How to Pay off Debt - Things to Avoid

How to Pay off Debt: Things to Avoid

Let’s say you’re in a position where you want to pay off debt. You have decided that the best and highest use of your money is to get rid of a particular loan or multiple loans so that you have more cash flow that’s not required to be paid to these fixed loan payments.

The reason that we’re talking about this is that a lot of times people pay off debt in a dangerous way, and set themselves up for financial failure.  A lot of stress happens in someone’s life if they pay off debt the risky way.

Where Paying off Debt Fits into Your Cash Flow System

Money Finder

Paying off debt is not a destination.  It’s just one step in the greater Survival to Significance Cash Flow System.

It’s important to have your eye on the endgame to make sure all of your decisions along the way line up to get you there.

To qualify to invest in cash-flowing assets, you need capital to invest.  If you don’t already have the capital ready, the best way to build it is to maximize your cash flow today and put as much of your cash in your control as possible.

Paying off loans, and more importantly, understanding your financing decisions, is part of finding and freeing up money in the foundation.  It’s where you keep more of the money you make and increase your cash flow.

When you keep more today, you increase your options, flexibility, and power to create lasting wealth.

Things to Avoid When You Pay off Debt

Using All Your Cash to Pay off Debt

Leaving yourself with no cash is risky because you might have no loans, but now you’re in a position where you have no money that you can access.  In that case, you’re probably going to charge something up on a credit card again because you don’t have access to capital.

Focusing on Interest Rates

The problem with looking at just the interest rate is that it blinds you from seeing the big picture. It can take off your focus from what matters, and that’s freeing up cash flow.

Sometimes they’re the worst loans to pay off that free up the smallest amount of cash flow for you and don’t get you that far ahead.

Only Paying Smallest Loans First

Sometimes this might make sense but also this is the wrong focus. It can take your mind off of the big picture. What we want to do is focus on cash flow.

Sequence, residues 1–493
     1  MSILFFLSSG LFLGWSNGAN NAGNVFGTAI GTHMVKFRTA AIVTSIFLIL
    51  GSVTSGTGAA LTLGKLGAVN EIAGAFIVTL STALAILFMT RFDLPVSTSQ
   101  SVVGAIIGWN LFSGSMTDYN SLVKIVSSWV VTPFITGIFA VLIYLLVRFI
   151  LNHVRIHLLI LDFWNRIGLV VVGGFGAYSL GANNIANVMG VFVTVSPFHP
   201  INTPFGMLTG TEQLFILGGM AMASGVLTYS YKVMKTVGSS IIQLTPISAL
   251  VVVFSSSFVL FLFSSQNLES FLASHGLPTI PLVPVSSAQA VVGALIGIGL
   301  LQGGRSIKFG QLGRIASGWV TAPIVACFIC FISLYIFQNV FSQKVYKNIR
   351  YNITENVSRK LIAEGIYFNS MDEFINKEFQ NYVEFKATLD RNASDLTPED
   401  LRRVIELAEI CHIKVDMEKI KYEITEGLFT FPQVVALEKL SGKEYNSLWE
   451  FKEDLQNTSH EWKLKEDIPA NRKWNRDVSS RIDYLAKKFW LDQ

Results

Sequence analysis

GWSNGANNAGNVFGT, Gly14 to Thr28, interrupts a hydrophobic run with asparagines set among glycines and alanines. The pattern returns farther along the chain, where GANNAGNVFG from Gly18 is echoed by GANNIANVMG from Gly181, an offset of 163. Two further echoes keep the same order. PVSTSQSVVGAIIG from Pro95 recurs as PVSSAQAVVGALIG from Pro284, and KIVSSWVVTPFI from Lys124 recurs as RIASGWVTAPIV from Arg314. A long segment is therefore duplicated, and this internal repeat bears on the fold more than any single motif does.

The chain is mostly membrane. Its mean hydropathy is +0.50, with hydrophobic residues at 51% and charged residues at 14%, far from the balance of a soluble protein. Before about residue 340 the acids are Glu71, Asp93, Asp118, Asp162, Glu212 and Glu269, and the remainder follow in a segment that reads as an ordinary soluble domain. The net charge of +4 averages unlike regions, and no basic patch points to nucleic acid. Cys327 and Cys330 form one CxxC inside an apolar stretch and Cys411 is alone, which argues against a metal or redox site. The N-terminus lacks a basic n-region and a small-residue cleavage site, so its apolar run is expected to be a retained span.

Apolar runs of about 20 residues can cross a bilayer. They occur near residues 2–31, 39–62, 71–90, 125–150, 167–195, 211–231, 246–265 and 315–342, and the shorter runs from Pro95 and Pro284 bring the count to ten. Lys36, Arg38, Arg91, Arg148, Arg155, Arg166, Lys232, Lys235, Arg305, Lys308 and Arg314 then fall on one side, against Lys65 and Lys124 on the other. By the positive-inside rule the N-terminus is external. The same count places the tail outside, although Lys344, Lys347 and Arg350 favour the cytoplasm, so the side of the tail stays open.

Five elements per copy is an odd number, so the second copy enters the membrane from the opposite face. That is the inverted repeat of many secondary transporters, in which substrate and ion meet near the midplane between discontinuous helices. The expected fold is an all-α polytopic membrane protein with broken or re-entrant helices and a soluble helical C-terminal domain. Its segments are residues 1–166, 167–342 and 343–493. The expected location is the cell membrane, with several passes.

How to Pay off Debt

It all comes down to cash flow, and the reason is that you want as much cash flow as possible today in your financial life so that you can save more, and have money left over to direct to savings and direct to investing in cash flowing assets.

Don’t Drain Your Emergency Fund

The first is that you don’t want to pay off any loans until you have an emergency fund. I would recommend having a six-month emergency fund before you use any extra cash to pay off loans.

This may not always be possible for each situation, so this is just a rule of thumb.

Stop Extra Payments

Every time you make an extra payment, that’s money going to a bank or financial institution that could be directed to building up your assets.

Direct all of that extra money that you might have been making extra payments with over to savings.  The reason for this is that you need to build up an emergency fund before tackling the debt.

Unfortunately, all too often, people spiral right back into debt after paying it all off because they didn’t have cash in their control.

Pay off Loans All at Once

We want to build up enough to pay off each loan all at once. That’s going to keep you in as much control as possible.

Determine Which Loan to Pay off First

Leverage the Cash Flow Index Snowball Method, for a more comprehensive strategy to pay off debt.

Create Your Time and Money Freedom

Book a strategy call to find out the one thing you should be doing today to optimize your personal economy and accelerate time and money freedom. 

Success leaves clues.  Model the successful few, not the crowd, and build a life and business you love.

Rachel Marshall

Rachel Marshall

Rachel Marshall is the Co-Founder and Chief Financial Educator of The Money Advantage. She is known for making money simple, fun, and doable.Rachel helps her clients create time and money freedom with cash flow strategies, Privatized Banking, and alternative investments.Rachel is the co-host of The Money Advantage podcast, the popular business and personal finance show. She teaches how to keep more of the money you make, protect it, and turn it into cash-flowing assets.
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